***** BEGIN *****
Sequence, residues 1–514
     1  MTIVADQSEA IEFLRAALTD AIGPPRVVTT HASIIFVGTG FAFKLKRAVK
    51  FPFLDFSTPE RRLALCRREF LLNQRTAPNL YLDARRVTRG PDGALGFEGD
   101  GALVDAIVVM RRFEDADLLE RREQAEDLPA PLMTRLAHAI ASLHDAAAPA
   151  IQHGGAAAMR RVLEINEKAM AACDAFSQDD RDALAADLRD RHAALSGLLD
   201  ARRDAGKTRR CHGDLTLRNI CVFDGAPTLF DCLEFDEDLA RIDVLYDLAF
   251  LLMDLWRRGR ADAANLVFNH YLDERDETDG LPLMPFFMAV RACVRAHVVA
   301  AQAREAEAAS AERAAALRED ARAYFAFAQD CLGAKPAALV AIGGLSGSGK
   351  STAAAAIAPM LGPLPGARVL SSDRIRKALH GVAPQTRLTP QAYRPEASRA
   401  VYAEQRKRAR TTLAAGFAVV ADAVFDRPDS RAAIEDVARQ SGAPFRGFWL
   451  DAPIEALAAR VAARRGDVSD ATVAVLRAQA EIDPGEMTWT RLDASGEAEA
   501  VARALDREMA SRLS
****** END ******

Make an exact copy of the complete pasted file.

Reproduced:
Sequence, residues 1–514
     1  MTIVADQSEA IEFLRAALTD AIGPPRVVTT HASIIFVGTG FAFKLKRAVK
    51  FPFLDFSTPE RRLALCRREF LLNQRTAPNL YLDARRVTRG PDGALGFEGD
   101  GALVDAIVVM RRFEDADLLE RREQAEDLPA PLMTRLAHAI ASLHDAAAPA
   151  IQHGGAAAMR RVLEINEKAM AACDAFSQDD RDALAADLRD RHAALSGLLD
   201  ARRDAGKTRR CHGDLTLRNI CVFDGAPTLF DCLEFDEDLA RIDVLYDLAF
   251  LLMDLWRRGR ADAANLVFNH YLDERDETDG LPLMPFFMAV RACVRAHVVA
   301  AQAREAEAAS AERAAALRED ARAYFAFAQD CLGAKPAALV AIGGLSGSGK
   351  STAAAAIAPM LGPLPGARVL SSDRIRKALH GVAPQTRLTP QAYRPEASRA
   401  VYAEQRKRAR TTLAAGFAVV ADAVFDRPDS RAAIEDVARQ SGAPFRGFWL
   451  DAPIEALAAR VAARRGDVSD ATVAVLRAQA EIDPGEMTWT RLDASGEAEA
   501  VARALDREMA SRLS